The Guardsman is now back in the same crisis situation he faced earlier--attacked by a group of riled-up students, and reaching the misjudged conclusion that the only way to deal with them is through the use of overwhelming force. And once again, it sets up a confrontation between himself and Iron Man--only this time, O'Brien stands his ground, spurred into action when he spots Marianne watching the scene from the vantage point of Gilbert's office, which in O'Brien's mind provides him with the opportunity of proving himself against Stark in her eyes. And he has one advantage in this upcoming slug-fest--the fact that Iron Man will fight a defensive battle against his friend, while the Guardsman, in his current state of mind, will have no such scruples.
(Tony Stark, ladies and gentlemen, once again dispensing that annoying defeatism that only serves to incite the people he's trying to calm. Not exactly the soul of tact, is he?)
Whatever our sympathies may be for O'Brien, he's made it clear through both his actions and his ravings that Iron Man has made the correct assessment of his mental state--that there's no reaching him, and that he must be stopped by whatever means necessary. Strangely, Iron Man never thinks of using his prior tactic of targeting the prearranged flaw in the Guardsman armor that will disable his circuitry and allow him to be captured; but when the Guardsman commandeers a top-secret advanced tank to use as a weapon (which won't win him any of the points with Marianne that he was concerned with; on the other hand, O'Brien isn't exactly capable of rational thinking right now), Friedrich adapts the "weak spot" trick for use on the tank this time. Neither instance appears to be the way Tuska had laid out the scene; otherwise, we're being asked to believe that Stark is in the habit of designing flaws into practically every piece of weaponry he builds. As it happens, Tuska and Friedrich at least appear to be on the same page in how they were bringing this story to an end: tragically.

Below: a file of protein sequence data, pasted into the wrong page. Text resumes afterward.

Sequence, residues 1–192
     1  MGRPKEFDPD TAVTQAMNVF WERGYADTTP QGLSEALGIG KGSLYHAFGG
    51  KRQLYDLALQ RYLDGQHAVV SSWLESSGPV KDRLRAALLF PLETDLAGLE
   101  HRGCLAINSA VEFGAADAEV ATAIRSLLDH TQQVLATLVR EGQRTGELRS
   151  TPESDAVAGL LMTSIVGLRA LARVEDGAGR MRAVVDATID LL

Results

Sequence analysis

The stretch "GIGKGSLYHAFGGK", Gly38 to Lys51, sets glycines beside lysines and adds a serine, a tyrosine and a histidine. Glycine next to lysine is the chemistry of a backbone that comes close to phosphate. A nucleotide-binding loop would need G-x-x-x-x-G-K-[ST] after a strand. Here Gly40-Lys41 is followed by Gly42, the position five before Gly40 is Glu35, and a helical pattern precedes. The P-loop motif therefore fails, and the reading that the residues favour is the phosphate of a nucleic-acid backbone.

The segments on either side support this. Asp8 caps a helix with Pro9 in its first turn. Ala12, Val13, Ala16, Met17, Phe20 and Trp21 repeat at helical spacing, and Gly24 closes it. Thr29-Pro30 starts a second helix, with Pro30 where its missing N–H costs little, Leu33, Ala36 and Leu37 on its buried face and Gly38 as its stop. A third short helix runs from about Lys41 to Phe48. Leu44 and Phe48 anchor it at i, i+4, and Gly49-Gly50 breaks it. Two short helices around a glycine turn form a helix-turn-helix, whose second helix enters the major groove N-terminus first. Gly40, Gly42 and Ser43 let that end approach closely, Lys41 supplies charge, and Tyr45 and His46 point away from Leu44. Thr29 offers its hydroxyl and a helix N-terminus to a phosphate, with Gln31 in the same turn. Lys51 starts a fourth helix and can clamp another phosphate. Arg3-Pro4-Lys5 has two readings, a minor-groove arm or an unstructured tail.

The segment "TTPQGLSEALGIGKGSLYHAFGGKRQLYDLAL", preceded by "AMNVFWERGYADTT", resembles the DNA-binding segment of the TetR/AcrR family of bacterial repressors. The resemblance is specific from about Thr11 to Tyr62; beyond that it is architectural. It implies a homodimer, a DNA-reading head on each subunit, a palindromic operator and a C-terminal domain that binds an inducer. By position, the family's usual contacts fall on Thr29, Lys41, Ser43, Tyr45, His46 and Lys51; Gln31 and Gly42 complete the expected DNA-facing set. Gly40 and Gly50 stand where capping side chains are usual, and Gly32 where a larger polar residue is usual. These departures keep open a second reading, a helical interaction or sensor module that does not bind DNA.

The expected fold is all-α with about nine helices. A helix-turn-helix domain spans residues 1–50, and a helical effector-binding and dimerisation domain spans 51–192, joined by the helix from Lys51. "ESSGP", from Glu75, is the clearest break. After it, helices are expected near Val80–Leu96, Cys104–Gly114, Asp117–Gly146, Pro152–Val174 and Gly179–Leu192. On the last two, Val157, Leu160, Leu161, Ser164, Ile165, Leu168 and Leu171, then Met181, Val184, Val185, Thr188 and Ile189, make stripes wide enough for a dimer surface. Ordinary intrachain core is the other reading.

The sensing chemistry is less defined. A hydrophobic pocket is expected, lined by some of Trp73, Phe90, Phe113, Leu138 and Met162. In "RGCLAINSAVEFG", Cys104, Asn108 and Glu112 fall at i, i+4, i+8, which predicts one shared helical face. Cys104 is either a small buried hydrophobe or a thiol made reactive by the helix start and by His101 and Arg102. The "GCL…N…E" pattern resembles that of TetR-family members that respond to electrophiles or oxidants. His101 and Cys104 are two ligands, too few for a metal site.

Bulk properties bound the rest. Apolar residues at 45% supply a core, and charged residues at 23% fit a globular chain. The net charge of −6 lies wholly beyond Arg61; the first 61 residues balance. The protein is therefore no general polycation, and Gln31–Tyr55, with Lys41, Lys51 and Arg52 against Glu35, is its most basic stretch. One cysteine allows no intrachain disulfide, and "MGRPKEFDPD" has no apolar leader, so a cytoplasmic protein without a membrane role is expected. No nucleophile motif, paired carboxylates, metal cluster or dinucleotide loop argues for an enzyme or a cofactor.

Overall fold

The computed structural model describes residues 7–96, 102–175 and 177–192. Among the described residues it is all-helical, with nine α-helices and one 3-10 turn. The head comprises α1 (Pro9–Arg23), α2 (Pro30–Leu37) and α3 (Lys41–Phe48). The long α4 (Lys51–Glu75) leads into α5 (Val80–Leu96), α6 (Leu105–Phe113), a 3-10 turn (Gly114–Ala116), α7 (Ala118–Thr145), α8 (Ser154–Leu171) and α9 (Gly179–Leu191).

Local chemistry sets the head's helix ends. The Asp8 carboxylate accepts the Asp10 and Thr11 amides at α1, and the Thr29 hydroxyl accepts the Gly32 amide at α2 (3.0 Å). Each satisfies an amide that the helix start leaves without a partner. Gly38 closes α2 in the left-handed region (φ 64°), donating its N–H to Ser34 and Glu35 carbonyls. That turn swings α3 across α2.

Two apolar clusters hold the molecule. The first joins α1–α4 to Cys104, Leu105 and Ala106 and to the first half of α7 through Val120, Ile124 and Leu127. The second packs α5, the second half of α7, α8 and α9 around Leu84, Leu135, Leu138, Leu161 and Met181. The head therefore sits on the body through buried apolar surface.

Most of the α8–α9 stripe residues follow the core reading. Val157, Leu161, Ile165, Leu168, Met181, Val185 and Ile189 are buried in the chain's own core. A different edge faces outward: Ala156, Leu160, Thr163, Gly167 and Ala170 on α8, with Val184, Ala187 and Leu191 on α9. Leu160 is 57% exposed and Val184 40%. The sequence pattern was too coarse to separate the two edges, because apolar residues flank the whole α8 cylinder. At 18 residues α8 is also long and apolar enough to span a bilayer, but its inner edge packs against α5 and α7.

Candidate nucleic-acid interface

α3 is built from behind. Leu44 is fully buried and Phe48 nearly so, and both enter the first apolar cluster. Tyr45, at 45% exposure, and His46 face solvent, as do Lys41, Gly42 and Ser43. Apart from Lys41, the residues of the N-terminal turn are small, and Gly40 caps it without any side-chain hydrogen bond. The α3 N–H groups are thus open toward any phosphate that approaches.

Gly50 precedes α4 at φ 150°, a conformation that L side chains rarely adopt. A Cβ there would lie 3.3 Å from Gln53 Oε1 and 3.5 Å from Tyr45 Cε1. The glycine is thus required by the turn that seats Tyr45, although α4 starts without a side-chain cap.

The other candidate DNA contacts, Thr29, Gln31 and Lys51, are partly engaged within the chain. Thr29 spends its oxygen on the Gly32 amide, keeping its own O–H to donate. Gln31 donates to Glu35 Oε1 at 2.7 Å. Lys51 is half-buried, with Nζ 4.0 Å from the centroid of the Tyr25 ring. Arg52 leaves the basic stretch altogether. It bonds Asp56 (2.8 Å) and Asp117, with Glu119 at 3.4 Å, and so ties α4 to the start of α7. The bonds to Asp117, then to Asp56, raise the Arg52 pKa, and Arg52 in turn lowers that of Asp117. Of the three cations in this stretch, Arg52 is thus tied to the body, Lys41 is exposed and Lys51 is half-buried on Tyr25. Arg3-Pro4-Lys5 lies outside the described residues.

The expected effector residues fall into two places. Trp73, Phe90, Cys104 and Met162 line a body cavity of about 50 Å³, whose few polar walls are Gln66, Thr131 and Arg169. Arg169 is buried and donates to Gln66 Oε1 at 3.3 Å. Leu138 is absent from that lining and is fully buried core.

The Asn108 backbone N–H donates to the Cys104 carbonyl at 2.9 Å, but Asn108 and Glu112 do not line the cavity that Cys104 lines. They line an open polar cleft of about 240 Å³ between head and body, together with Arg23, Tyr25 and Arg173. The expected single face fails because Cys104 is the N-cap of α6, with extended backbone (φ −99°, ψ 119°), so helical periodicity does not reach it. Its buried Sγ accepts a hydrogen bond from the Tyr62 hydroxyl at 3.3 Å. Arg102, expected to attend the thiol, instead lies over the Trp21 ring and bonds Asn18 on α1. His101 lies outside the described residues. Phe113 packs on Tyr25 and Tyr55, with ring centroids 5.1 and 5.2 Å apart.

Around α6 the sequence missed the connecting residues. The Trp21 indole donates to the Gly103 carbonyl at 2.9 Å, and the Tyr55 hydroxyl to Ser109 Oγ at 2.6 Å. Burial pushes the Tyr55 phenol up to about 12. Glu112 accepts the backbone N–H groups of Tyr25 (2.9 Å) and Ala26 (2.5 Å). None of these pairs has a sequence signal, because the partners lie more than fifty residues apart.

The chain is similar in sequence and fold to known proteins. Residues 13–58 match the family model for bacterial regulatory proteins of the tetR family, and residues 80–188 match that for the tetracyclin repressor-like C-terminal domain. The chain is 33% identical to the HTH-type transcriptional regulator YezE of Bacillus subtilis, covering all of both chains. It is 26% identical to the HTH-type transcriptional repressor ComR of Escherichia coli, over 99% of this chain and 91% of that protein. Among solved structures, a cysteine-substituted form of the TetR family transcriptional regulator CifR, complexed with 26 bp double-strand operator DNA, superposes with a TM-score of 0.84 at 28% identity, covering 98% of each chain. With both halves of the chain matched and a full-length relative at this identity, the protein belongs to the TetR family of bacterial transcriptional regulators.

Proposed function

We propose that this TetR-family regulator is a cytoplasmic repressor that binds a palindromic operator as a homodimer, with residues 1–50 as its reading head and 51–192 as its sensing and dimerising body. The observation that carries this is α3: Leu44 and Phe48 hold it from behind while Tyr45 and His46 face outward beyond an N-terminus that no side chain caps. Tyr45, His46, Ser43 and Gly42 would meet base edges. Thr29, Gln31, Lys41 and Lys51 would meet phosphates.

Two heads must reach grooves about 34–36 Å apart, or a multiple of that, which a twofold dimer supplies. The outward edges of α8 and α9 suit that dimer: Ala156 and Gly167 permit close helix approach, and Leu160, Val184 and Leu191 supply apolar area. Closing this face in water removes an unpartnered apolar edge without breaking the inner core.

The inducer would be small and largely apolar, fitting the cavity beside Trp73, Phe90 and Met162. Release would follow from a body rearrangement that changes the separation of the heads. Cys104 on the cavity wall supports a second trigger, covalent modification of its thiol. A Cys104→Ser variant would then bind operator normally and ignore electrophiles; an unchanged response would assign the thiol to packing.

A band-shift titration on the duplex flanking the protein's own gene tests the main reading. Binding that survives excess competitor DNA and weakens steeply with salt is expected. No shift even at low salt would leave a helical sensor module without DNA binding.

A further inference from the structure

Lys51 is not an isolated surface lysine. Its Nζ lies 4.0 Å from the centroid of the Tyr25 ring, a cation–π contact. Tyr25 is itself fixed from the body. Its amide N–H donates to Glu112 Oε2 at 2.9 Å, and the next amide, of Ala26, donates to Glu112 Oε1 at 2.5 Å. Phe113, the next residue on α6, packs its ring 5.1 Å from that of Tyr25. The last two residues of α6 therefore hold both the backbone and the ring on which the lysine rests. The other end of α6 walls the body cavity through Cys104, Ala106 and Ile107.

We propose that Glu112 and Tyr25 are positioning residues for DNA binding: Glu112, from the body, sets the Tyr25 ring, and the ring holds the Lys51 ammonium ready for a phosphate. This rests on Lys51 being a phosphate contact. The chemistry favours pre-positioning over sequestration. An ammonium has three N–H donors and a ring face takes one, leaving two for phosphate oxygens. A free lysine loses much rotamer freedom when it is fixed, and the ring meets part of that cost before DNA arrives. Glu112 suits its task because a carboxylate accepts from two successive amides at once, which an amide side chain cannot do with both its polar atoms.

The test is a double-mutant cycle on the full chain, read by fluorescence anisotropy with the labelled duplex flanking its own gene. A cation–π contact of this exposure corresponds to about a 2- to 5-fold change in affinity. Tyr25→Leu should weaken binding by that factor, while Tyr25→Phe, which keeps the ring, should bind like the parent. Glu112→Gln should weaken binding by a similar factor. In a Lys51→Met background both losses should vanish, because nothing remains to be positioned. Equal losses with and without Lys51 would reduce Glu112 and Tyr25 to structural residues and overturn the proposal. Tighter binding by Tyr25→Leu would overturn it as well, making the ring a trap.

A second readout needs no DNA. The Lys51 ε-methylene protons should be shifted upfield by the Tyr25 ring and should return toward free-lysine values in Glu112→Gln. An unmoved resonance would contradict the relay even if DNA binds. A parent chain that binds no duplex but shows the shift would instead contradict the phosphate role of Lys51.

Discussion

It's a powerful if at times disjointed story that Friedrich contributes in a two-issue-only stint which subsequently sees him moving on to other work--but not before closing the chapter on the character of Kevin O'Brien and establishing the Guardsman for future wearers of the armor. (Though with the shuffle of writers on this title at this point in time, I'd be curious to know who plotted the Guardsman's debut.)
O'Brien's death would prompt Iron Man to take a step back and reflect on the worth of his existence, with Gilbert and even Marianne piling on to compel him to pack it in. As for Gilbert, he's revealed to be the father of the villain known as Firebrand (the demonstrator of all demonstrators, in a nice touch of karma for Gilbert), and his obsession with taking revenge on Stark would lead to his death; while Marianne's future would see her eventually break from Stark, only to return to kill him. Now what did I mention about the importance of those two dating before they leaped right into an engagement?
|Invincible Iron Man #46 |
Script: Gary Friedrich
Pencils: George Tuska
Inks: John Verpoorten
Letterer: Sam Rosen